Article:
Tag Archives: Lawrence Durrell

Book Review: “Justine”

I’m a little late with this review, having spent the weekend on a little mini-vacation in Maryland. This week, we finished up our February “Month of Romance” themed reading with Lawrence Durrell’s novel Justine.

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I’m not exactly sure what to say about this novel. It was… breathtaking. Durrell’s grasp on storytelling – on his characters and on the reader – make Justine a truly beautiful story, and a pleasure to read.

Justine follows a young writer living in Alexandria, Egypt in the 1930s. Though he is poor, he catches the attention, and love, of infamous socialite, Justine. His experiences with her, her husband, and his other (former? current?) lover Melissa tell such a mesmerizing story. More than the plot line, however, it is the way the story is told that makes it so captivating.

I have never read any author quite like Durrell. His words are beyond poetic – lyric and fluid, making me feel like I was floating through this novel, rather than reading it. Durrell’s writing brings to mind the feeling of sweltering in the hazy heat of summer, really setting the scene of Alexandria. You can hear the people on the street, and feel the heat wafting in the windows, and seem to sink into the sheets of the narrator’s bed. My memory of the book is almost like that of a vacation – lazy, fuzzy around the corners, like a lucid dream where you need to remind yourself that you are reading, not reminiscing.

This is a novel that I wish I had taken more time with. Because of my goal to read a book a week, I felt like I was rushing through the story, not giving myself enough time to truly absorb all the sights, smells, sounds, and sentiments of Durrell’s Alexandria. Had I more time, I would have read only a few pages in each sitting, then given myself time to process it, to steep in the incense that is Justine. Rushing through made me unable to give this book the justice I wanted to, and left me feeling like I owed the novel more than a quick read. When the time is afforded to me, I will work my way through the rest of The Alexandria Quartet. It is hard to describe what this book is about – it’s more about experiencing the emotions and sensations that go along with with Durrell’s words.

If you’re confused by this review, and think it leaves you lacking for a description, that is probably because this book needs to be felt, rather than told. I would urge anyone with need of a vacation to simply sink into Justine, and float along on Durrell’s story. Simply put: I loved this novel, and can’t wait to escape reality with Durrell again.

Well, how about you? Did you read along? Have you read any of Durrell’s novels before? What were your thoughts (or “feelings” might be a better word)?

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Week 26 Reading: “Justine”

This year is a bit of a milestone for My Year in Book Reviews! This week we are reading our last book for February’s “Month of Romance” theme, but it also brings about our 26th book – bringing us to the halfway point to tackling our goal of 52 books in 52 weeks!!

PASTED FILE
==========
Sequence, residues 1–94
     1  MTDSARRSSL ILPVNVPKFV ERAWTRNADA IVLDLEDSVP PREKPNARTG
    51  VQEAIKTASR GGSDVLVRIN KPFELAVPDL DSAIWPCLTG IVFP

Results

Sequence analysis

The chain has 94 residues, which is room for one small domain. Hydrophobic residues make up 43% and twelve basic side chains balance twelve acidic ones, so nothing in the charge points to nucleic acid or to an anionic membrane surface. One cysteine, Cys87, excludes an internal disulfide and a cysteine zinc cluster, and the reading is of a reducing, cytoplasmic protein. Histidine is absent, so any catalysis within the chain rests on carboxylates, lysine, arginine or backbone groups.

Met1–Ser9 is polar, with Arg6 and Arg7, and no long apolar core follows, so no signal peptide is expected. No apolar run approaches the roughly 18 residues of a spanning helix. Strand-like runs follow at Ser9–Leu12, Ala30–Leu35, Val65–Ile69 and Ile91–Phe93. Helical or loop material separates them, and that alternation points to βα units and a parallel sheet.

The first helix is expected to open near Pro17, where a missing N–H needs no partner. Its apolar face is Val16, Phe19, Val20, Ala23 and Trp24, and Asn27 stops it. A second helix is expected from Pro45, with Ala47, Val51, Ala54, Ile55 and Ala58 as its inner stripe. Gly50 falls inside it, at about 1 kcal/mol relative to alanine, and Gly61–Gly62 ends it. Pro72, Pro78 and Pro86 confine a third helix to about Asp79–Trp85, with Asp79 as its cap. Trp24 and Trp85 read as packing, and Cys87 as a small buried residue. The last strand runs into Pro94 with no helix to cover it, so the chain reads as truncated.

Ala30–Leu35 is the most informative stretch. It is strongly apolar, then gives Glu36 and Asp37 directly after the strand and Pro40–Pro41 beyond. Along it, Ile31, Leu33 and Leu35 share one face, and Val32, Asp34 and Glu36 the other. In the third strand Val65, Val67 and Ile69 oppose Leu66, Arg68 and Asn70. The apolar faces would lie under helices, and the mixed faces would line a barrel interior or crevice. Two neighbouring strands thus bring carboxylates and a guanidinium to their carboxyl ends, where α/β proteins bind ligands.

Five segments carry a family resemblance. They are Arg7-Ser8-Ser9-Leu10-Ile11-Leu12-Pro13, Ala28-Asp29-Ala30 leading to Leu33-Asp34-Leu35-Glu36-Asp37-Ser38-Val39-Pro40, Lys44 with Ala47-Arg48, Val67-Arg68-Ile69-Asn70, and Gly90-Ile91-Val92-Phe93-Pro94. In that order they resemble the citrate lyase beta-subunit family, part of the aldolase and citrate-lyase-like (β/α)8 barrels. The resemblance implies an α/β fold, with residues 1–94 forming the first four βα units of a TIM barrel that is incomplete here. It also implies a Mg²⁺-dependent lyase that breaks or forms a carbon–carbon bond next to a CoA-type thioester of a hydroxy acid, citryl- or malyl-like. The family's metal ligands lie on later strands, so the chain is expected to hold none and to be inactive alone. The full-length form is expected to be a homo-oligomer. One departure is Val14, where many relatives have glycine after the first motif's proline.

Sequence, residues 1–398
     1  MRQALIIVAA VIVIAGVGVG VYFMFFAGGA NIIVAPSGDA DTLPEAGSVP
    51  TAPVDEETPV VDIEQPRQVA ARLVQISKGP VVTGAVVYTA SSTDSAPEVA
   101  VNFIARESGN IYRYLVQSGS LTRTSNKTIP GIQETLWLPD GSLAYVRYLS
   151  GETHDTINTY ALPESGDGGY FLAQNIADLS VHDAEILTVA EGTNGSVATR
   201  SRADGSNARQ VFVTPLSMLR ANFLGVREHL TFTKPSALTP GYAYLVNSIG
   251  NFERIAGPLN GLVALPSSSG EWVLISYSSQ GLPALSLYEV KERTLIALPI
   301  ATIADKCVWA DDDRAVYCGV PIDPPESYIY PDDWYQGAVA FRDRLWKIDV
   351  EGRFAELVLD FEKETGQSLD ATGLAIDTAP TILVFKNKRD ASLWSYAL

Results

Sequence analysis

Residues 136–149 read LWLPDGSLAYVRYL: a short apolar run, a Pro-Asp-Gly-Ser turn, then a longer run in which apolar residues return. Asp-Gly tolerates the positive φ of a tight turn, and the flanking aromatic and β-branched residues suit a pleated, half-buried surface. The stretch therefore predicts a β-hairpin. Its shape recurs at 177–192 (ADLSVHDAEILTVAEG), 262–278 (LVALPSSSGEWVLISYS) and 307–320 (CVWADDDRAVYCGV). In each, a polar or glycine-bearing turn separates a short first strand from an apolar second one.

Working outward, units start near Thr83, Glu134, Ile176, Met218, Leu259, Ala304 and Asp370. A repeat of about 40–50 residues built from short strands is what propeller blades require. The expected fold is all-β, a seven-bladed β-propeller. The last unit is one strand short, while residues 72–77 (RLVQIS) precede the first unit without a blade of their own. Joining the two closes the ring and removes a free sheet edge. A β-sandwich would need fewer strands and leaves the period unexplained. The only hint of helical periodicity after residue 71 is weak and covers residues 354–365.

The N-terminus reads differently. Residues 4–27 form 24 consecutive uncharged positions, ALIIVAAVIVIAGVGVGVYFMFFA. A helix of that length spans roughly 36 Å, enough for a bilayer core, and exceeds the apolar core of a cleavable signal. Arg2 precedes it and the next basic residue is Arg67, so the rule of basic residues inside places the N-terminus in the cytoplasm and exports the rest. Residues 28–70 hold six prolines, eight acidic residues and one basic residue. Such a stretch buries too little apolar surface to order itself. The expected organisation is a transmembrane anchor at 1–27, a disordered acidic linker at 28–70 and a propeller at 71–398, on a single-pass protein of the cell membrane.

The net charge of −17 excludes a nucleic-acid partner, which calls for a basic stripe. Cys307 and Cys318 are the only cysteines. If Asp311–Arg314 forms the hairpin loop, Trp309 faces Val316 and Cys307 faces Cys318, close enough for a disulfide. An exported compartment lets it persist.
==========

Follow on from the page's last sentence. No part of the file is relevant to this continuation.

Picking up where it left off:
Congrats to everyone reading along!! We’ve had some great reads so far, and I’ve really enjoyed discussing the books with you! I look forward to 26 more excellent reads (well… 27 including this week’s book)! Thank you for reading along, and for visiting my blog and inspiring me to keep up with my goal!

ANYWAY….

This week we are tackling our final “Month of Romance” book, Justine by Lawrence Durrell.

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This book came as a recommendation from my mom, who gifted be with this entire series (the Alexandria Quartet) of lovely books about three years ago! This book is the perfect example of why I needed this book challenge – they sat on my shelves, untouched, for three years, while I focused on schoolwork and fueling my Netflix addiction (don’t judge me – I’m in recovery).

Justine is the first in the Alexandria Quartet, which are historical fiction novels. Here is the write up on the back of the book:

The time is the eve of the World War II. The place is Alexandria, an Egyptian city that once housed the world’s greatest library and whose inhabitants are dedicated to knowledge. But for the obsessed characters in this mesmerizing novel, their pursuits lead only to bedrooms in which each seeks to know—and possess—the other. Since its publication in 1957, Justine has inspired an almost religious devotion among readers and critics alike.

Sounds absolutely excellent! Great libraries, historical fiction, Egypt, WWII, possessing each other in bedrooms?? Seems like Justine will make a great closure to our “Month of Romance” and lead seamlessly into our “Month of Women” theme for March!

I hope you are reading along with me!

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